Turning to the substance of the matter, I think it is instructive that the most notable, widespread impact of the PCS debate was a comically misinformed spike in the price of platinum itself. Like the dumbest dumb-bells on Fox News, and more than a few actual business journalists, the market’s impression was that minting a trillion-dollar coin meant the U.S. Treasury was going to need a trillion dollars’ worth of shiny white metal and a die the size of an ocean liner. When we posit that the public can easily be made to see what we are really talking about, we should remember examples like these.
Joe tirelessly worked his way through every nook and cranny of opinion on the issue. He shined the light of truth into every last corner. He demolished every misconception and non-factual objection that was put forward anywhere. But it is still the case that only a handful of Americans are paying enough attention to even know about this, much less understand it. When the price of platinim returns to normal (if it hasn’t already), it will be because the can has been duly kicked down the road and the pundits are ready for a new toy – not because very many people have gotten beyond the very shallowest layer of PCS.
But it would be a huge mistake to think that this means the PCS issue has ended in failure – just the opposite! For the very first time, the entire national discussion about the economy, from virtually every direction, has been taking place on our turf, utilizing our terminology. If almost everyone is still getting it almost entirely wrong, well, that just tells us how far we still have to go. But this issue, and the way it has played out, represents a true milestone.
Where things go from here doesn’t just depend on us, of course. But moments like this are times for real reflection. Platinum Coin Seigniorage is never actually going to happen in America – not because any part of the idea is invalid, but because by the time we have an administration that is willing to use it, we will no longer need it. What we should ask ourselves now is how we pivot to keep the conversation going our way.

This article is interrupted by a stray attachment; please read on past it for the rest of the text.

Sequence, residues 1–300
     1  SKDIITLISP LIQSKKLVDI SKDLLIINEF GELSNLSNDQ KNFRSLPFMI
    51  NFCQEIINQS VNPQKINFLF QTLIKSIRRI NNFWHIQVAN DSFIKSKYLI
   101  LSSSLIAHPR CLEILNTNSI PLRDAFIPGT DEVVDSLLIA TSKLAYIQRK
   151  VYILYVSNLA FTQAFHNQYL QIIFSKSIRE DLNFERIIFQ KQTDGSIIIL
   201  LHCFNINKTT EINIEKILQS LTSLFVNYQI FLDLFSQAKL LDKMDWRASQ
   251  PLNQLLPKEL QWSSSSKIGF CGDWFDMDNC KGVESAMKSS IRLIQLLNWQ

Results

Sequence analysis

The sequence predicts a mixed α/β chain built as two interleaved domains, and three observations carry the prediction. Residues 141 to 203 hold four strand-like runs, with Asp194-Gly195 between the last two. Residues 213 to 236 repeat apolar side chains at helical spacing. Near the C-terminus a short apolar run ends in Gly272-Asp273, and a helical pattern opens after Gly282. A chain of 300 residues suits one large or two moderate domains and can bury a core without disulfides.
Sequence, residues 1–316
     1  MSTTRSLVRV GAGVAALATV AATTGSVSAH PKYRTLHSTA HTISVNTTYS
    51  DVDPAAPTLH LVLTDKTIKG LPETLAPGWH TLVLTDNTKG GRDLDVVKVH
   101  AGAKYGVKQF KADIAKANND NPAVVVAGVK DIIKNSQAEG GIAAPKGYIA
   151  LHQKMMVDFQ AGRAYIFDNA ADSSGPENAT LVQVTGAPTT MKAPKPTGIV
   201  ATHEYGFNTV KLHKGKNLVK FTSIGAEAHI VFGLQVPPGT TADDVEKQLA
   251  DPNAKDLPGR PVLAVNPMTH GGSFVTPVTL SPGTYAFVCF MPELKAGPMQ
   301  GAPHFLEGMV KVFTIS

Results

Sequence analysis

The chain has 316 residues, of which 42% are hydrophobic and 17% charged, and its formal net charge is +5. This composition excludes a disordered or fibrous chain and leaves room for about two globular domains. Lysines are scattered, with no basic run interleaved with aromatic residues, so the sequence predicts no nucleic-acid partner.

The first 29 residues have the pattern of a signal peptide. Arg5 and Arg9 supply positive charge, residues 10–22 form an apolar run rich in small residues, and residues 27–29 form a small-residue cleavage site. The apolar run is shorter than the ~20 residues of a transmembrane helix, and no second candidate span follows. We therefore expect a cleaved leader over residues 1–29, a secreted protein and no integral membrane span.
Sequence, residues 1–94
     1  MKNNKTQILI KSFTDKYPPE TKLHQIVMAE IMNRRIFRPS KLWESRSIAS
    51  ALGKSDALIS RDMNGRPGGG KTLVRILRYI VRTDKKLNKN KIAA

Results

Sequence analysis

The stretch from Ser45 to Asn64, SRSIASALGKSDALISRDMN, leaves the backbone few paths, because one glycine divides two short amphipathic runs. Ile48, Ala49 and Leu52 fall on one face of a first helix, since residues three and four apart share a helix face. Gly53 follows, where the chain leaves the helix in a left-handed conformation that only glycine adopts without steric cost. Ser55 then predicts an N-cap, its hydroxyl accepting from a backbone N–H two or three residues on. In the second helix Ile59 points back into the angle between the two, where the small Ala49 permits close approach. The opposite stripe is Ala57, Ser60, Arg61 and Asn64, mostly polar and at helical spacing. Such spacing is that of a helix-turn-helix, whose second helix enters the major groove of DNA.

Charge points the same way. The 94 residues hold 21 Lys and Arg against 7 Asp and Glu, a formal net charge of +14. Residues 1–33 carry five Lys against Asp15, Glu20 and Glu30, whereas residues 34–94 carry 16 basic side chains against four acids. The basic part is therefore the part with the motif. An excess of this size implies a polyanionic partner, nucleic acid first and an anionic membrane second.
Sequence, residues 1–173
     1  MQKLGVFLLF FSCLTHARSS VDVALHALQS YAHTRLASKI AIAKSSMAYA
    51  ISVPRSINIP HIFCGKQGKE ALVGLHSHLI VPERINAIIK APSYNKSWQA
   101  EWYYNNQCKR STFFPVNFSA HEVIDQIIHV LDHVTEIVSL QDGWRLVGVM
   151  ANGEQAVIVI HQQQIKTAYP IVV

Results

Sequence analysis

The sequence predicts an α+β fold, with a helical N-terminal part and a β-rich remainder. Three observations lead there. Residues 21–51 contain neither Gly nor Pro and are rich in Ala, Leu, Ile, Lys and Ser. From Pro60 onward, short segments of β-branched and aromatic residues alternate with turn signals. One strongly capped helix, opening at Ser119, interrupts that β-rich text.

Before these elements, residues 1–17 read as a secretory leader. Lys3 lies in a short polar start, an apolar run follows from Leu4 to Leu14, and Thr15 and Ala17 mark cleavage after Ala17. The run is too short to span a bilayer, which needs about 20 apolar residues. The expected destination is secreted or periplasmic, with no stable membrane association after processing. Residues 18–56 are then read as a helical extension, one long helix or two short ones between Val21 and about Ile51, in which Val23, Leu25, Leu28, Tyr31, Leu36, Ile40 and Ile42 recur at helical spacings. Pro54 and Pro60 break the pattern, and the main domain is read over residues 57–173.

If PCS was ever really going to happen, and if J.D.’s post was, in any substantial way, a practical proposal that we do it wrong, that would be one thing. But it wasn’t. PCS was almost tangential to it. This is now about how we pivot, how we message and how we avoid being pigeon-holed and marginalized in the next round of the debate. This doesn’t mean that we should stop talking about PCS. Others won’t, so why should we? And every exchange will be a teachable moment. But MMT is not a one-trick pony, and PCS is just one element of the much larger discussion we are trying to have. And this is where J.D.’s post and his principal talking point really resonated with me.
The central, fundamental economic problem of our time is that the financial economy of money, banking and credit has become detached from, and even starkly antithetical to, the real economy of production, consumption, invention, employment and growth. The legitimate purposes of the financial sector are to evaluate and price real-world risk, and to efficiently allocate capital to real-world economic activities. Since the 1980s, finance has systematically extricated itself from these wholesome and traditional synergies. It has taken on a sinister life of its own. Instead of serving and assisting the real economy from within, it is now wrapped around the outside of it – like a “vampire squid”. A relationship that was symbiotic has become parasitic, and even predatory.